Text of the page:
Do you enjoy contemplating the demise of your loved ones or your own inevitable journey towards the grave? Well, nobody does really, but the book Being Mortal by Atul Gwande does an excellent job of asking thought-provoking questions about how we deal with the end of life. When people are very sick or very old, does the instinct simply to keep them alive result in outcomes that we want as a society? Would you rather die in a hospital in the ICU or at home in your bed surrounded by your family as you let out your last sigh?
The crux of the book is the tension between being the author of your life and recognizing that nature is all-powerful in the end. We can manage this tension by attempting to make decisions that align with our priorities as the options available to us continue to narrow. This responsibility to understand priorities extends to those who often are forced to make tough decisions on behalf of a sick family member. If you know these priorities, medicine can be better used as a tool to enhance life rather than to simply keep it going.
The following quote sums up the main points of the book.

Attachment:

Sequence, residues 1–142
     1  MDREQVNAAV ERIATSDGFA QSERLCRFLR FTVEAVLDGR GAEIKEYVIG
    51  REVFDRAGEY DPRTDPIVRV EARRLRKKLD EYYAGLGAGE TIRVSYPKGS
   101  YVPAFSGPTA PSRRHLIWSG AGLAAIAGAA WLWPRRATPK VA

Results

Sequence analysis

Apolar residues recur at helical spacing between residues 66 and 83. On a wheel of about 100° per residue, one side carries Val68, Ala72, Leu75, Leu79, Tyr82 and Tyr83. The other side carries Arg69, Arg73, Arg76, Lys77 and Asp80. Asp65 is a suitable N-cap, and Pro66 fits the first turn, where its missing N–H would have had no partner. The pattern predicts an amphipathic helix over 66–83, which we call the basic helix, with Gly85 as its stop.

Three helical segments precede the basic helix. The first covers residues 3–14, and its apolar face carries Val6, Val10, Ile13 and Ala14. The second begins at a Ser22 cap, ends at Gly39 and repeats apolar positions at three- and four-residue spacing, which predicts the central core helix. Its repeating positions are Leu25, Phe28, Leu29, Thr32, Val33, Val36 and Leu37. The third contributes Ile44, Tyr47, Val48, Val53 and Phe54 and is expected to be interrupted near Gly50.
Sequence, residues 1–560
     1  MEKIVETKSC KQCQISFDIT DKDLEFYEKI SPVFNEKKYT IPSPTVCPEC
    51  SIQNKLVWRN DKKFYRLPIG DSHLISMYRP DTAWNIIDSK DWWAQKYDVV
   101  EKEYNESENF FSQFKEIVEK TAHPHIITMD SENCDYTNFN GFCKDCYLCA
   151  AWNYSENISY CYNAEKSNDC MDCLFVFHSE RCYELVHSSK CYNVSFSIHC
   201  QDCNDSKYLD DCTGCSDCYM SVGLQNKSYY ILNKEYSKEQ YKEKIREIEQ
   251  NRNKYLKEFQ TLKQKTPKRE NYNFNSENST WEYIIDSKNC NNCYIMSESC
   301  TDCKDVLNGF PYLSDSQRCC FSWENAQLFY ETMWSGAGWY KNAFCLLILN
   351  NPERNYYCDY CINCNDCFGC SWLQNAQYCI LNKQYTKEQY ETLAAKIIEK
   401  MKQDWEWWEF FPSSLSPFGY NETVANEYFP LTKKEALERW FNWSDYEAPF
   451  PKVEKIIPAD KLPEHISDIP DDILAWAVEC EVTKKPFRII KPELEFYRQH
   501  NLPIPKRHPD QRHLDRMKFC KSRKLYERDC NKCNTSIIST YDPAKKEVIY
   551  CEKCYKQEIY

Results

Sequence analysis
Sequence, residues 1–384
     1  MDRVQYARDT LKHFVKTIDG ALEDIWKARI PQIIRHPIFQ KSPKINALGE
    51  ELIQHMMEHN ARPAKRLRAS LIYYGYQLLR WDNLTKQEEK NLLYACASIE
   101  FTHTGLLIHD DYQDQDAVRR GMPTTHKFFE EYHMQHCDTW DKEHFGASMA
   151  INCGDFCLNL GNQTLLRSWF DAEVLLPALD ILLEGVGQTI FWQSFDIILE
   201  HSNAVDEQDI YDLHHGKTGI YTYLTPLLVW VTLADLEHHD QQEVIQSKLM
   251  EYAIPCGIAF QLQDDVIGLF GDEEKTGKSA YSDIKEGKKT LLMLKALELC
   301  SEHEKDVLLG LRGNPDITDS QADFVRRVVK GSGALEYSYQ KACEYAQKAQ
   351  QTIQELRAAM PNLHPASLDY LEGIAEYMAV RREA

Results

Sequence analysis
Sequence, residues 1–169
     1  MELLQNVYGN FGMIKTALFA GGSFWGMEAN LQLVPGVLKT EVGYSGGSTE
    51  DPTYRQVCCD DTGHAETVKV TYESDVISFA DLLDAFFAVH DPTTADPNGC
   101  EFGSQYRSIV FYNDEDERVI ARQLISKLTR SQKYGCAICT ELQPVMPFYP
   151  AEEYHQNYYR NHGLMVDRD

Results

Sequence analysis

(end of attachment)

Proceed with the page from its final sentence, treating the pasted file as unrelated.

No one ever really has control. Physics and biology and accident ultimately have their way in our lives. But the point is that we are not helpless either. Courage is the strength to recognize both realities. We have room to act, to shape our stories, though as time goes on it is within narrower and narrower confines. A few conclusions become clear when we understand this: that our most cruel failure in how we treat the sick and the aged is the failure to recognize that they have priorities beyond merely being safe and living longer; that the chance to shape one’s story is essential to sustaining meaning in life; that we have the opportunity to refashion our institutions, our culture, and our conversations in ways that transform the possibilities for the last chapters of everyone’s lives.
The key here is priorities. Understanding an individual’s priorities is how to make the best possibile decisions with the options available. So whether you’re dealing with this process yourself or helping others, follow Gwande’s advice and have those difficult conversations about what matters most.